JC Penney Going for Broke / Luxury Conference in Boston, MA

Ron Johnson’s Original Turnaround Plan for JCP – Circa April 2012

The Gist:

Less than a year ago, I wrote about JCP’s “square pricing” strategy created under CEO, Ron Johnson. The pricing strategy was intended to help the retailer grow its business, however, latest indications show the company has recorded four consecutive quarters of decline.

In combating the consumer backlash, Mr. Johnson is rolling out some of the previously discontinued sales that JCP is known for. There is no indication as to how many sale campaigns the retailer will bring back, but JCP’s CEO has vowed not to return to levels where the company ran up to 600 sales promotions each year. Supposedly, the retailer is going to introduce a limited number of promotions that tie in with the core habits of its consumer set – shoppers who only buy when they need something and require high value.

It’s bad enough that most of JCP’s consumers have decided to shop at its competitors (Kohl’s, Target, Dillard’s, and Macy’s to name a few). What’s worse is that Wall Street investors have also lost confidence in the stock. After losing more than half of its value, Penney stock is now trading at around $19. The company will also find it hard to raise capital as its credit rating is in the realm of “junk status”.

There is still no light at the end of the tunnel for Ron Johnson’s (RJ) turnaround. Though I was very pessimistic (and correct) in my initial assessment in April, 2012, I wouldn’t quit on RJ just yet. You do know he turned Apple and Target’s retail performance around, right? The past is the best predictor of the future. I just might roll the dice on some JCP stock.

Question

Where do you need to be this month?

Harvard Business School

Answer

In Boston, at the Retail and Luxury Goods Conference, at Harvard Business School. It happens every year (this is the ninth) and is never a dull event. I had some of my best professional moments there. If you can’t make it, you can trust that I’ll take notes for you.

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JCPenney’s New Retail Strategy Expected to Hurt Performance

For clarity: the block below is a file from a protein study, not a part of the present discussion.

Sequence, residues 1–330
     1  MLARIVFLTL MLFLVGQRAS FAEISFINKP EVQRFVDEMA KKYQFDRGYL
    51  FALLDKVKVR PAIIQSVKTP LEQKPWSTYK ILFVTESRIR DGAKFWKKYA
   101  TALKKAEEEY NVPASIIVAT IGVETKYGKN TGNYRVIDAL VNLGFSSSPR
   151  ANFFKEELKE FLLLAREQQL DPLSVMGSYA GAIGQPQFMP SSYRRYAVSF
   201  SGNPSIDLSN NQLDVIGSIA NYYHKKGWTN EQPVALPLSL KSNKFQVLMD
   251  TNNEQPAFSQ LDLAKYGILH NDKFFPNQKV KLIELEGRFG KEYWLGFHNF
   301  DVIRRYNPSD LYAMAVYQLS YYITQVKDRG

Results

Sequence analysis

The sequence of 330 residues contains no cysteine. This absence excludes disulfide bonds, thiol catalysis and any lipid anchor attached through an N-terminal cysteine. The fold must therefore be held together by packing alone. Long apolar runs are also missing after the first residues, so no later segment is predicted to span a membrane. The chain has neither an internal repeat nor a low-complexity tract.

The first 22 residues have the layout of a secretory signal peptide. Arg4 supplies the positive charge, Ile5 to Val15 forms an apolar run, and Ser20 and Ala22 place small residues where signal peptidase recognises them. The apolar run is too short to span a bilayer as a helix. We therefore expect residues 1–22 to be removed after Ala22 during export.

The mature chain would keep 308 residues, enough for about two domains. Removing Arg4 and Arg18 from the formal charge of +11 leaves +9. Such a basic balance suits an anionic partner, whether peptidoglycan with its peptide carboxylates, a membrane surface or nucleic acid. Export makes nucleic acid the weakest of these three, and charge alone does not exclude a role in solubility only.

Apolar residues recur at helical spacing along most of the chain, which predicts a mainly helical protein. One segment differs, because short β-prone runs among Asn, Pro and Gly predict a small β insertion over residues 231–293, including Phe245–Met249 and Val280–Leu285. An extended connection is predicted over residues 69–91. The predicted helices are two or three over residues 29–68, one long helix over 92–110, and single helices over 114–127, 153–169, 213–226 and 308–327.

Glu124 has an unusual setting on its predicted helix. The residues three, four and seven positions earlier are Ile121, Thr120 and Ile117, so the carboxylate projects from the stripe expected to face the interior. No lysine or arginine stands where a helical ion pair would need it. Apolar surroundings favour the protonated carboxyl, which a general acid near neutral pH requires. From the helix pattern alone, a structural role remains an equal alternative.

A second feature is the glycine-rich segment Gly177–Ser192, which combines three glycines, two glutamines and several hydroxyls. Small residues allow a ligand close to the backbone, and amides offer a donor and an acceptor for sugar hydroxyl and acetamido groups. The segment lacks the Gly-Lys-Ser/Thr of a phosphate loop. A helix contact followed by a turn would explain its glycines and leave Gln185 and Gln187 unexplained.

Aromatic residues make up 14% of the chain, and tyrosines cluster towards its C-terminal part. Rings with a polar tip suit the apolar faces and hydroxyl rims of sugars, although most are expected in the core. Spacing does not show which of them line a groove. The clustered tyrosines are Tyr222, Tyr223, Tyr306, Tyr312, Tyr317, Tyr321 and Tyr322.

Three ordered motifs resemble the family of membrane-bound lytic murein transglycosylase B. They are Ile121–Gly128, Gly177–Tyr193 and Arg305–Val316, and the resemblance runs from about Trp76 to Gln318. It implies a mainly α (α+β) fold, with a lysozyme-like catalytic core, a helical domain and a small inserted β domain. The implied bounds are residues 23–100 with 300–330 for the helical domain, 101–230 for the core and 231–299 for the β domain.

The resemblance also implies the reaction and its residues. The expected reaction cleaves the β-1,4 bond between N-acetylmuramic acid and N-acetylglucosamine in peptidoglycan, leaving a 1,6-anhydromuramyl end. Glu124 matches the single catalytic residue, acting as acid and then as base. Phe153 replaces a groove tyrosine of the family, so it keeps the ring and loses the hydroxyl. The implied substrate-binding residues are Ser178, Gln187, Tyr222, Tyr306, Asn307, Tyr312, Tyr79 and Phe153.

Article Link – Penney’s Pricing Strategy takes a Toll on Sales

Ron Johnson’s bet on JCP’s new retail strategy will not come without its costs. Analysts on Wall Street are expecting JCP’s revenues to drop by “seven percent this fiscal year”. This is worse than the previously forecasted two percent drop because analysts believe “shoppers accustomed to seeing big discounts [will] go to rivals like Macy’s Inc.”. Same-store sales are expected to drop nine percent – lower than the four percent drop that was originally anticipated.

Penney’s new strategy is simple – three tiers:

  • “Everyday” prices that are 40% lower than what they were charging a year ago;
  • Month-long sales on select items; and
  • Clearance events during the first and third Friday of each month (to coincide with employee payroll distributions)

Though the street expects dire consequences for JCP’s stock in the short term, it also believes that Ron Johnson’s plan will pan out in the longer term by eliminating “unprofitable promotions and [improving] its profit margins overall”.

If successful, this will be a major change in retailing because suddenly the promotional activity will decrease and other retailers will also have to find ways to attract customers… but this is going to take time.

– Walter Loeb, New York-based retail consultant

JCP is expected to offer more details on its performance when it reports its quarterly earnings results in May.

My View: This is a long-term bet, not a strategy that will yield postive returns in the next six to 12 months. Ron Johnson is not trying to change his strategy – he is trying to change the rules of the retail game. His bet is riding on a revamp of the entire retail experience.

Disclaimer: I do not own, or plan to buy any JCP stock in the next 48 hours.

Rant on How Your Crazy Ideas Define You

As we end the first month of 2012, thoughts of the progress I have made with blog and my other luxe pursuits baffle me. Here’s my summary of it all…

Sometimes you never know what will come of your crazy ideas. Before you know it, you have a brand. The brand isn’t really yours. It belongs to those who identify and personalize it in their hearts and minds.

Your brand is the befitting proxy for your beliefs, tastes, vision, and passions, whether or not you are physically present in the many conversations, transactions, and encounters people have with it.

Beyond all material success, the pursuit of an identity is the single most indomitable challenge some of us will ever undertake.

Here’s to pursuing the weird ideas that make us who we are. The worst that can happen is that you fail. Failures are necessary transit points to success. Even if you fail at something, you are closer to finding out just who you are.

Keep thinking, stay hungry, and embrace the beautiful struggle.

– Edmund Amoye Continue reading